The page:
For me, lots of positive self-talk, or as my grandma used to call it, ”giving herself a talking-to.” When I was struggling, rather than concentrating on everything that was going wrong, I’d tell myself I was doing really well and that this moment would not last forever. I’d leave myself notes on the fridge, “I am getting through this,” “I can cope with today,” “Just take one step at a time.”

I had previously learned to find enjoyment and reward in even the most simple of tasks. People suffering from depression will often talk about how difficult it is even to get out of bed in the morning, let alone get dressed. I would always make myself get up and dressed, putting on some nice clothes.

Say “Well done” to yourself for achieving even the smallest things each day and reward yourself every once in a while with something that you enjoy, such as a bath, some chocolate, a feel-good movie, whatever works for you. I also found exercise really helpful. Just getting out every day and going for a walk really helped, no matter what the weather and it’s child friendly too.

With the arrival of my second daughter, I have found popping my baby in a sling as often as is practical really helpful. It allows me to feel close to her even on the most trying of days.

I don’t know when I started feeling better or when the struggle ended but I do know that it did. The self-help steps aren’t an instant cure but they are lots of little steps along the route to recovery and for me they have always led to a longer lasting recovery.

There seems to be a fine line between feeling low and as if you can’t cope and depression and it also varies from one person to the next. You can try talking to your health care providers about groups for moms like you who are finding things just that little bit too tough. You may find they have other resources on offer. My local team used to come out on home visits just to chat. I hope this might be of some help on your difficult journey.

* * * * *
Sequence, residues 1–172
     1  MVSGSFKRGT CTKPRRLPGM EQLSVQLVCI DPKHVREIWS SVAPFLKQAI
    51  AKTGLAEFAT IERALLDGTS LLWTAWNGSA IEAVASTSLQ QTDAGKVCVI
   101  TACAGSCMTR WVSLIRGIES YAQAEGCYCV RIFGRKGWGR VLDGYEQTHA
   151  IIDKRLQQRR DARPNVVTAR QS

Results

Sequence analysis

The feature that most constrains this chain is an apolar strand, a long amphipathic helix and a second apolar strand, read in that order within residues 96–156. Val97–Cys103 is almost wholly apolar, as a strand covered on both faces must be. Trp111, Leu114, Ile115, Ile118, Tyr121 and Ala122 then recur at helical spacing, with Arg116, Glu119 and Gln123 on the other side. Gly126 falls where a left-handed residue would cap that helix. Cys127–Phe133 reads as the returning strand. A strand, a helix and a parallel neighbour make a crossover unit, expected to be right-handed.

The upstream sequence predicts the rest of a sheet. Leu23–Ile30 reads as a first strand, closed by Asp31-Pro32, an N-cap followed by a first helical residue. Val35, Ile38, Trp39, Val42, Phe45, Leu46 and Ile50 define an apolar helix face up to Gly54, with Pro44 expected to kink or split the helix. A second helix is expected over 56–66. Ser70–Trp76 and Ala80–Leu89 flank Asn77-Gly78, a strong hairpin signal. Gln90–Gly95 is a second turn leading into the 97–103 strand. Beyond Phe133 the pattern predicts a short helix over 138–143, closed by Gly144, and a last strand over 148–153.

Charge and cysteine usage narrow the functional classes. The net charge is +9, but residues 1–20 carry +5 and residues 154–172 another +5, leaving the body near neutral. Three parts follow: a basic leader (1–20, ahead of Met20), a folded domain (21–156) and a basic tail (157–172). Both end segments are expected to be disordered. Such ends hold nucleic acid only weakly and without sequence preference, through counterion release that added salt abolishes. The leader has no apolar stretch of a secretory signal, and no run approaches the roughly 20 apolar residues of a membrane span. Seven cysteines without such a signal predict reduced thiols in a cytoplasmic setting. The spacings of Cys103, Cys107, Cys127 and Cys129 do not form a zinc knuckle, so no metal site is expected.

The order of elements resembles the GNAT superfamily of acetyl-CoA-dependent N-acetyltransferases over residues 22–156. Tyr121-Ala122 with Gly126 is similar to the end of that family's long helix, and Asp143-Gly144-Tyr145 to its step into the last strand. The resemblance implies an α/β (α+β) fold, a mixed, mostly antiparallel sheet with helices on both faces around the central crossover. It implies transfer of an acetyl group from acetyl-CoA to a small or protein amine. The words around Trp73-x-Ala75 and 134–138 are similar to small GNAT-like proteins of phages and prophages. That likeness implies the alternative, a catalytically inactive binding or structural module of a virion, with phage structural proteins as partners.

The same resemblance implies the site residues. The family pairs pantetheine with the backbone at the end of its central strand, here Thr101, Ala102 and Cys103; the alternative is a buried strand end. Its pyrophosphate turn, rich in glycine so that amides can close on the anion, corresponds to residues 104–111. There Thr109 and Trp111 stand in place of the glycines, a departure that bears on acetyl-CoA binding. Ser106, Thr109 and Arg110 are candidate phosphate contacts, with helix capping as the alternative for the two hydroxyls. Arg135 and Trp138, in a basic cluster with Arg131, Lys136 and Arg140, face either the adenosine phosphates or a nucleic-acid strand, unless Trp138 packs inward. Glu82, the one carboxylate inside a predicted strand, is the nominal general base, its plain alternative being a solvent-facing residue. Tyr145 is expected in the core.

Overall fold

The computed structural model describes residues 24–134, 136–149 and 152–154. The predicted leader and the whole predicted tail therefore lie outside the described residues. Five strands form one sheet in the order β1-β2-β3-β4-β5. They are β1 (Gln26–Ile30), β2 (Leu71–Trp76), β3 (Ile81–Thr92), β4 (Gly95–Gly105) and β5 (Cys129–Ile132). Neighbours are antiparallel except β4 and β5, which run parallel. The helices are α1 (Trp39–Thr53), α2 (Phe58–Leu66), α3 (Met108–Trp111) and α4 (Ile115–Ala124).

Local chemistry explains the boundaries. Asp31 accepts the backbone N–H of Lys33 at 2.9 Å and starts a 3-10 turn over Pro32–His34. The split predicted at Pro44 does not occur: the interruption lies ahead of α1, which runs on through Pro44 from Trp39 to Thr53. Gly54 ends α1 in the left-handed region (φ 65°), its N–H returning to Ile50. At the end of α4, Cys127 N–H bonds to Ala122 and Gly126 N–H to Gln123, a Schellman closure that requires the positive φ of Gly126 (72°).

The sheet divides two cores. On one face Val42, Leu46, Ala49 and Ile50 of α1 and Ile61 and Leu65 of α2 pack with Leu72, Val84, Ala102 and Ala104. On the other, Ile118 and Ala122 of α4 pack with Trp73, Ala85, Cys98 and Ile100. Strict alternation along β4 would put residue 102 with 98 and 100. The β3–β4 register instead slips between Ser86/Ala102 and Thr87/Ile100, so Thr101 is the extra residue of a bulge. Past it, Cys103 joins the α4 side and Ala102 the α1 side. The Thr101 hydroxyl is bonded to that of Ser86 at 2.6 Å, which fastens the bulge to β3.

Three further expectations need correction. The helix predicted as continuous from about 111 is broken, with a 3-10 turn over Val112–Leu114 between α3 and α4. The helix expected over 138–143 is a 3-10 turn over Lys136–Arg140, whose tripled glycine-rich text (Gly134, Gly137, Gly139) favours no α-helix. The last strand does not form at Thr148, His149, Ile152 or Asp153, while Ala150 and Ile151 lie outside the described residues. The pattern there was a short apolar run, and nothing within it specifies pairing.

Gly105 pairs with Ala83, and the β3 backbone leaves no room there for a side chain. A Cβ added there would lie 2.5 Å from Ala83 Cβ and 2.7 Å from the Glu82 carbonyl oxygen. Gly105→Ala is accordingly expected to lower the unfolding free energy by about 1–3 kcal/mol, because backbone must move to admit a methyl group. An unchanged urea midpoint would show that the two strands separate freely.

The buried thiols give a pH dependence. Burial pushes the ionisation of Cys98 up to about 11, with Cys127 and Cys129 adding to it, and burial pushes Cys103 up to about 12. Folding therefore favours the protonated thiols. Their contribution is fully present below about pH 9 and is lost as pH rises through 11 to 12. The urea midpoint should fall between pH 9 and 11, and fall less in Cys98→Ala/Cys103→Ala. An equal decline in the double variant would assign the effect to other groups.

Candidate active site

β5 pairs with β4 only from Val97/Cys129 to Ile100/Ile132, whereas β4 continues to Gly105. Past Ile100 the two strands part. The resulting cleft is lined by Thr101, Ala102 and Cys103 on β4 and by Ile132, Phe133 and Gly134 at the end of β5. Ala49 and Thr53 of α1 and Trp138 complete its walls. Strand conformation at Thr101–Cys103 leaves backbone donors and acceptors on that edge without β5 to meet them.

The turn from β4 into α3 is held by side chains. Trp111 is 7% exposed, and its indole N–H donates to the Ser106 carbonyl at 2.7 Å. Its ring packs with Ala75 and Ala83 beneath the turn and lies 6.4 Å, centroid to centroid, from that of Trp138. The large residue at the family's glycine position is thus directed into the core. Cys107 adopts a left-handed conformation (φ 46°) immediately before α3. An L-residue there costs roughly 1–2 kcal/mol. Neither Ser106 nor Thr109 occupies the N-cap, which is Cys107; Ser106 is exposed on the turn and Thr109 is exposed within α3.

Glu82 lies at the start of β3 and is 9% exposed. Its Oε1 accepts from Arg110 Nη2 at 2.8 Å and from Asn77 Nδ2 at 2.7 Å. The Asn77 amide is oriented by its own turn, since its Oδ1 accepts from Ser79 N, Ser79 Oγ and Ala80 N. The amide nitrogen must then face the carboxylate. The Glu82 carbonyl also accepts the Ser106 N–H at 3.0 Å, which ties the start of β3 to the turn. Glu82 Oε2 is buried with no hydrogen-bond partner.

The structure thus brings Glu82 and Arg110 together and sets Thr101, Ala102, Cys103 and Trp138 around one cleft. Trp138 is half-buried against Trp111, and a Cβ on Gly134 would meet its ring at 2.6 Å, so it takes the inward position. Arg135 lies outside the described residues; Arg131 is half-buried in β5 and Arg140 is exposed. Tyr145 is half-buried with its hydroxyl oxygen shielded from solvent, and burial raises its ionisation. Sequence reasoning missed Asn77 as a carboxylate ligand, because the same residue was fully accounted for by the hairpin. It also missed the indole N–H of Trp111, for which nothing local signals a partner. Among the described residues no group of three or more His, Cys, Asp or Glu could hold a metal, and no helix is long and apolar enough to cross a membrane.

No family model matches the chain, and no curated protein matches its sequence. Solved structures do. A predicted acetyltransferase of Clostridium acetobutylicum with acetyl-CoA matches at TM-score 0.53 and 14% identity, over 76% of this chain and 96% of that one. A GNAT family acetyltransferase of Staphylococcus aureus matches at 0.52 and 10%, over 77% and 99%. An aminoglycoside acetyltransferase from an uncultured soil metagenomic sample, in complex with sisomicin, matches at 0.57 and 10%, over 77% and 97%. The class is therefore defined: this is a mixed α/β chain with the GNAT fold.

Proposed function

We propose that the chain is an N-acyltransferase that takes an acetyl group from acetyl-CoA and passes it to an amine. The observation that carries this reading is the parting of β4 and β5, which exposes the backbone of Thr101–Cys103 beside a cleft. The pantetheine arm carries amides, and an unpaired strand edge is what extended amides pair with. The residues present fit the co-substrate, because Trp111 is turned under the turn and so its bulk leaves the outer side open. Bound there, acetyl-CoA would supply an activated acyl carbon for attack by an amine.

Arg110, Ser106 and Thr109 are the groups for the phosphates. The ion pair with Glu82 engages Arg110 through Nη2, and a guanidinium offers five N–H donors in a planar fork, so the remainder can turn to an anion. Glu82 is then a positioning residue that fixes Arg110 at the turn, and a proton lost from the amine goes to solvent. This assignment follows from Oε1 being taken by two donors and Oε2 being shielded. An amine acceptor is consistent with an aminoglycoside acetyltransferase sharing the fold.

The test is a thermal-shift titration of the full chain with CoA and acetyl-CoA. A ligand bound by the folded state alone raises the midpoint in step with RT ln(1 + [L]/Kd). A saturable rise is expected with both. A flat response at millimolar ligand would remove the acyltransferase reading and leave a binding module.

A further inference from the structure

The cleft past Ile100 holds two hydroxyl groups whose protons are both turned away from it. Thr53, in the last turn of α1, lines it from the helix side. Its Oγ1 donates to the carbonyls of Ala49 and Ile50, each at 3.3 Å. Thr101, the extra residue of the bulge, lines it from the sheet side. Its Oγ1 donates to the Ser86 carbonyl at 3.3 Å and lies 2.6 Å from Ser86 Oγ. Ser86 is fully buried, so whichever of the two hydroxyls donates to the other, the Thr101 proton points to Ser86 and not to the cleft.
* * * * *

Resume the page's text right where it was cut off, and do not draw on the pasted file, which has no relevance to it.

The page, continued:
Louise Bibbings, Shropshire, UK

Response

Breastfeeding with the Baby Blues_Mothers'Stories_NursingHelpedMeGrieve_Alice-Brinkman-1

Alice Brinkman

My heart went out to you when I read your letter. How brave of you to ask for help. I really wish I could help, but all I can do is remind you that you are not alone in your feelings. When we become mothers, all the sad stories on the news become so much more “real.” Suddenly it’s not just a tragic story, but rather a terrible event that is happening to someone else’s child. Would it help if you just congratulated yourself on feeling sad when you hear these stories? It’s a sign that you are much more connected to all of humanity now. All the disasters in the world touch us more now because we don’t just hear the news, but we imagine these events as if they could happen to us.

I asked my mother recently if she could finally worry about me less now that I’m married with two children and happily settled in my role as a mother. But, no, she told me that she worries more. Now she worries about me as her child and me as a mother.

Perhaps in time you will grow to see these blues as part of what will make you a caring and empathic mum. Our lives change completely when we have our children and they will never change back. You are being very honest about your feelings and perhaps just this simple act of asking other moms for help will put you on the right track. Perhaps a chat with someone qualified in this area, a trained counselor or hypnotherapist might also be an idea?

Siobhan Molloy, Isle of Man, UK

Resources

Bipolar and Breastfeeding

Is Breast Always Best?

Kendall-Tackett, K. Depression in New Mothers: Causes, Consequences, And Treatment Alternatives 2009.

Postpartum Blues

Recovery from an Eating Disorder

Why Breastfeeding Is Good for Mothers’ Mental Health

Mother’s new situation: Should I night wean?

My son is 18 months old and still wakes regularly every few hours throughout the night. He is settled, very quickly, by breastfeeding. It is not a huge problem for me when I am in bed, but I would like to have more time in the evening to spend with my husband, to go out occasionally and, most importantly, to get a bit of work done (I am a working mom and work from home). My friends have suggested night weaning but this sounds a bit drastic, especially as I intend to let my son self-wean. I am worried that night weaning would result in his stopping breastfeeding altogether. Has anyone a similar experience or tips to offer? How have other mothers coped?

Please comment below or send your responses and new situations to Barbara at editorbt@llli.org